7. Why is it that these discussions always end up with some Quebec nationalist complaining of being rebuffed, or insulted, or demeaned or whatever? I am beginning to think they should check out the Human Rights Commission to see if a complaint might be in order. Surely the kind of abuse they are suffering amounts to some kind of offense against human dignity?

  8. The idea that anybody “owns” history is profoundly insulting to our common humanity.

  9. My Lamontagne ancestor arrived with le Régiment de Carignan and his descendants have lived in Canada ever since and, like me and my children, continue to speak French. Yet, for Éric Grenier, and others, I am of a different people, of a different nation because I live in Ontario. I find this insulting. Éric Grenier cannot rewrite the history of my family.

  10. When you or your family moved out of Quebec, that was a choice you made. You and I have the same roots, but we are not of the same nation anymore. French Canadians are like a Quebec diaspora, with roots in the ‘old country’ but who have adopted their new country. Like how the Irish community of Boston is more American than it is Irish.

    You are a French Canadian like they are an Irish American. Enjoy your slow cultural death into a mere regional peculiarity with fancy parades.

    95% of francophones outside of Quebec speak English, while 14% of anglophones outside of Quebec speak French, according to Statistics Canada. That says it all.

  11. A “slow cultural death” which consists in forgetting French and embracing English? Strange death that leaves you living a richer life when you’re done.

    But that’s not what I came here to say. I would have thought that experience in this country would have taught us a couple of things. One is that money spent buying the loyalty of Quebeckers is money wasted. By which I mean, that even if you really need the loyalty of Quebeckers and you’d benefit greatly from having it, and even if you pay for it generously, you’re not going to get it that way.

    And another would be that money spent peddling false history is money mis-spent. By which I mean that, even if that money very effectively convinces a whole lot of people of your false view of history, you’re not going to get any benefit out of the achievement, only harm.

    With those principles in mind, I can see some pretty good grounds for criticizing the Harper government’s handling of the Quebec anniversary. And I note these criticisms aren’t coming merely from the losers of the Quebec sovereignty debate, but from Newfoundland and the West. From people who know their history and know that Quebec is irrelevant to it. People, that is, whom Paul Wells will never understand.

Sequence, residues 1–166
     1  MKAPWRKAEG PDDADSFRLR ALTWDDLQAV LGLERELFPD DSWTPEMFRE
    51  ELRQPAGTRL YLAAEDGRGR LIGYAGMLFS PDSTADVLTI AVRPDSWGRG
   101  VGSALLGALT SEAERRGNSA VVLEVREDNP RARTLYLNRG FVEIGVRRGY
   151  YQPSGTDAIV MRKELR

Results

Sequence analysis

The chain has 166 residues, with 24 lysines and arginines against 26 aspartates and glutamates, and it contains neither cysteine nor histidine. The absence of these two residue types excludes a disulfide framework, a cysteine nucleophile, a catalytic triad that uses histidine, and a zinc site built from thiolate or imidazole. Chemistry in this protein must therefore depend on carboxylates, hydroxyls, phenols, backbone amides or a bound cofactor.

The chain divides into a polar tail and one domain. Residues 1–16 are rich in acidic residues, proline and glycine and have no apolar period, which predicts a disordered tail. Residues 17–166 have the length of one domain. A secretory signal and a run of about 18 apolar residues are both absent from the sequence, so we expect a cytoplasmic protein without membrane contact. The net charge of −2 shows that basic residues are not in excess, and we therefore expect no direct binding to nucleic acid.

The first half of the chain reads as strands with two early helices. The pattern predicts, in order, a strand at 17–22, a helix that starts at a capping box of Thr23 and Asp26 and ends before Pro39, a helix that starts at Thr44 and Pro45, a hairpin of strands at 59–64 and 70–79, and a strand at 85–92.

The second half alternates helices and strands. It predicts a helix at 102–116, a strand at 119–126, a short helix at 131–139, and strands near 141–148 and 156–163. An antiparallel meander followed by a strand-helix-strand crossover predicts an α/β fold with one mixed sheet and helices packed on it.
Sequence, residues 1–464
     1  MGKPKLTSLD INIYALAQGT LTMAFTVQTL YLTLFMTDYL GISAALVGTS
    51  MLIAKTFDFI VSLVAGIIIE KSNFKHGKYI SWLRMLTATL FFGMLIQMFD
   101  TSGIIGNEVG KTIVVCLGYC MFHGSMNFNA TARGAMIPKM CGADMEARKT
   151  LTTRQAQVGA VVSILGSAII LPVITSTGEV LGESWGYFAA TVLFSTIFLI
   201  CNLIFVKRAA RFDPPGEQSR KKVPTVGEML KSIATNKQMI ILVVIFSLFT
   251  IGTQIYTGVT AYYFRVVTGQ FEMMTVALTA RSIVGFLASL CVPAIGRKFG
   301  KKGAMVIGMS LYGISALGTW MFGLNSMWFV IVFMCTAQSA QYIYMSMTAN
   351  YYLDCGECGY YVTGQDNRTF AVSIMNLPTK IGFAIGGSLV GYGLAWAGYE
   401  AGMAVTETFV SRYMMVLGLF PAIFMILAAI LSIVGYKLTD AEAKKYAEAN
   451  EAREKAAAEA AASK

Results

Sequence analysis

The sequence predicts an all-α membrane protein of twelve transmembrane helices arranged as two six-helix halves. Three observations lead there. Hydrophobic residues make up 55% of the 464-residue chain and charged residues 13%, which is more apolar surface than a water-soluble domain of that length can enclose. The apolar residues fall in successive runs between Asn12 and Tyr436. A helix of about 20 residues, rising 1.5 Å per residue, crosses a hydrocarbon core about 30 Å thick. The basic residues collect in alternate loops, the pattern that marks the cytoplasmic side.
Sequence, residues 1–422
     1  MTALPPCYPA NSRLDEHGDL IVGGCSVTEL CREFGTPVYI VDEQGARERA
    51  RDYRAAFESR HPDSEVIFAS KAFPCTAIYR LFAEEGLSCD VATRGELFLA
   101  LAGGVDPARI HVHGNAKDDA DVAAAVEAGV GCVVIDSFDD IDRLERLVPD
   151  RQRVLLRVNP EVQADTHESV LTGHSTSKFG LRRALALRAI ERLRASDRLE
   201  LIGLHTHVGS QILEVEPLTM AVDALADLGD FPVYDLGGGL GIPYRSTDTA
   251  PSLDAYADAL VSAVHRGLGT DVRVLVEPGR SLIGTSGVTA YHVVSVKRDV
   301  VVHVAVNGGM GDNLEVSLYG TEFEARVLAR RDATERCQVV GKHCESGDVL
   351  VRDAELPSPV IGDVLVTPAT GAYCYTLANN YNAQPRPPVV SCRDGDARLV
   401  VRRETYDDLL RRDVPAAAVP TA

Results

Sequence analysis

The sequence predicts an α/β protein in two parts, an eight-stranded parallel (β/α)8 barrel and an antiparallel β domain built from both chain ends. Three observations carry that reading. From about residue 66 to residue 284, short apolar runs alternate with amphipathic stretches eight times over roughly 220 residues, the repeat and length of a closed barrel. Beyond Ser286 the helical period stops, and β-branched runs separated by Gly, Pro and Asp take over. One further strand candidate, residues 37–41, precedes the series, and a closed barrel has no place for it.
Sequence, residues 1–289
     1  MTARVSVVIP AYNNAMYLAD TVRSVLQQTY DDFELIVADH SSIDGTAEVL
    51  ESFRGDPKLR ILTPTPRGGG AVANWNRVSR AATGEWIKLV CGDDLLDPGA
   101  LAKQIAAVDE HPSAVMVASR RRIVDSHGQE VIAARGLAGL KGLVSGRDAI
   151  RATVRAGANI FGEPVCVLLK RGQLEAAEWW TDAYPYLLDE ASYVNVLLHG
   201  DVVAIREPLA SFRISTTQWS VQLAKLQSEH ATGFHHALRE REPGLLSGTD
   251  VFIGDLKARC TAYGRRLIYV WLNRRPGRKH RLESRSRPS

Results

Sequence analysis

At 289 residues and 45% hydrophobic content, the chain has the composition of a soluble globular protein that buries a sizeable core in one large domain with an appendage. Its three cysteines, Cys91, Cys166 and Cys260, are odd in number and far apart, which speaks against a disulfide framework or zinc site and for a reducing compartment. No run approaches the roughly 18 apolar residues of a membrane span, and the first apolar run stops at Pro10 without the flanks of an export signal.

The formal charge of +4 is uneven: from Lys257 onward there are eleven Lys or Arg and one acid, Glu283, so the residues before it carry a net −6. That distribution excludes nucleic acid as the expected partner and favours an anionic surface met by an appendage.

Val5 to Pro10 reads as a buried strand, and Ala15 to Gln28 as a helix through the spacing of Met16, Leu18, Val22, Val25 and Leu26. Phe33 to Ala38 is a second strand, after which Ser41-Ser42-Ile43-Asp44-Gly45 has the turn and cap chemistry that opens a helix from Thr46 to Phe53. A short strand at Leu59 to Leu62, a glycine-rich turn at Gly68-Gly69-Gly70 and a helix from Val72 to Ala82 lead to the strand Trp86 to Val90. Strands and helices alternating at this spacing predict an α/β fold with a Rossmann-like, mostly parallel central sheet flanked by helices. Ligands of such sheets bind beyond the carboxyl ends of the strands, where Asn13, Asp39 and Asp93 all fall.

And a closing remark to Mr. Grenier: at any given time, about 15% of Canadians outside Quebec speak French. But two-thirds of those who can speak it today will have forgotten it in ten year’s time. Their numbers will be made up for by another generation who hasn’t yet understood that French isn’t worth knowing. If you wanted to turn that situation around, you could actually make French a language worth knowing; but you’ve never quite managed to do that, have you?

  12. And since I’m on a roll here: this will startle most of you, but Canada isn’t the US. In fact, it isn’t very much like the US, except in the most superficial respects. Asking what the Americans would do in ostensibly similar circumstances is foolish: any similarity in circmstance of such fundamentally different countries is probably an illusion, and the right response for the Americans might well be lunacy for us.

    But that said, and since it’s been mentioned: I suspect that if the U.S. government were to publicize the anniversary of the founding of St. Augustine, Fla., by treating it as synonymous with the founding of the USA, it would receive some pretty spirited criticism from a lot of sources, quite possibly including both Texas and South Dakota.

  13. And celebrating the foundation of either Canada or Quebec based on its “discovery” by Europeans, is deeply offensive to some First Nations people who believe someone was already using the place when Champlain got here. How many people in Canada speak Cree? What percentage of non-aboriginal people can speak Cree?

    What about those humiliations? Or is it just colonial history that creates nations?